How Akira Kurosawa’s Films Colors Expectations For ‘Ghost Of Tsushima’

Ghost of Tsushima has been highly anticipated since Sucker Punch first announced it at 2017’s Paris Games Week. Gorgeous graphics aside, many hope for this game to offer the kind of vibe of feudal Japan that Nioh and Sekiro do, minus the supernatural elements. The game focuses on Jin Sakai, a samurai, set to defend his area’s villages from the Mongols. The story trailer released on March 5th followed by an 18-minute gameplay demo released on May 14th imply that Jin’s disillusionment with the idea of honor will connect with the progression options of raiding Mongol camps in broad daylight as an honorable samurai and as the assassin-like Ghost during the night, equated with a lack of honor.

With the release of Ghost of Tsushima on the horizon, this is an opportune time to watch The Seven Samurai and Yojimbo, some of the Akira Kurosawa films that Game Director Nate Fox has named as a major source of inspiration for the game on Gamespot and GamesRadar – both of which are now readily available on HBO Max. If his work isn’t familiar to you, it’s worth noting that Kurosawa is credited as a hero to many notable filmmakers, such as George Lucas, who used Kurosawa’s The Hidden Fortress as a major inspiration for Star Wars.

Just as how we read a book in preparation for its movie adaptation, can Kurosawa films set fans up for a deeper sort of excitement? Or does it create lofty expectations? Let’s look at some of the elements from Kurosawa Ghost of Tsushima seems to be nodding towards.


Movement from dust as well as villagers starting to kneel down to pay respect to a fallen samurai.

Anyone looking up Kurosawa for the first time will most likely find that he is an icon for so many filmmakers around the world today for his mastery over visual language, especially movement. This is exemplified by not just camera movement, but primarily by the use of wind. Almost every scene in Seven Samurai has visuals to help tell the story without adding more dialogue than is needed. In the way the wind kicks up dust, rustles the clothes of the actors, and makes foliage dance about.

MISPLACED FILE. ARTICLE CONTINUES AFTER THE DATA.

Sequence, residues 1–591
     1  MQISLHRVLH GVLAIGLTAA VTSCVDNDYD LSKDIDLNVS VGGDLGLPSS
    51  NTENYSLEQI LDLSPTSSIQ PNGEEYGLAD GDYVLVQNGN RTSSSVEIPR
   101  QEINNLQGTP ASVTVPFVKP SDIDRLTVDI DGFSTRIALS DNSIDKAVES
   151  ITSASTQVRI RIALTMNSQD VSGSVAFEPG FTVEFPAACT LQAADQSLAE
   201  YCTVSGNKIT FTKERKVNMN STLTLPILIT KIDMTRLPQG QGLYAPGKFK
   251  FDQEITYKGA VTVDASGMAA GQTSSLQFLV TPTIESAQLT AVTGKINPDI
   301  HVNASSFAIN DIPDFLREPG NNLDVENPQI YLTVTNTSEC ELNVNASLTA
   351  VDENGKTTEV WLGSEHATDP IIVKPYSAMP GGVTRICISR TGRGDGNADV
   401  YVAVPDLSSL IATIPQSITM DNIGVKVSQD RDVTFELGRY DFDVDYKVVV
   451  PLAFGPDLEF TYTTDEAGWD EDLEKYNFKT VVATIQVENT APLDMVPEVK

Wind to be used in ‘Ghost Of Tsushima’ to help the player with navigation.

The grass and wind shown in the demo of Ghost Of Tsushima seem to be the clearest indication that the developers have picked up on this cornerstone of Kurosawa’s work. Certainly, in a video game, movement may feel like a given, we have seen plenty of other games have realistic renderings of capes and grass, but there appears to be a greater level of attention that was placed into those features in Ghost. Both of these scene elements seem to do a great job at referencing Kurosawa while still not being intrusive. It could be in the way the fields bend in waves the same way as they do in Seven Samurai.


Ghost Of Tsushima gamplay on the left. Yojimbo scene on the right. Both of these scenes take place at night.

Something that was also touted in the demo footage was a black and white mode for the player to actually feel like they are in a Kurosawa film. An important part of filming in black and white was wearing clothes that accommodated that limitation. The costuming, along with good lighting, usually prioritized high contrast schemes to make sure that shapes, symbols and designs are as legible as possible in the final product. Some sort of coding that alters the costumes in Ghost to have more contrast while in this black and white mode would better deliver on this claim in offering the look of Seven Samurai or Yojimbo. As WaPo game writer Gene Park says on Twitter, it just does not appear to be a well-thought homage. It seems like it might have moments against backlit environments, but most of the time it falls short.

Confrontation scene from ‘Yojimbo.’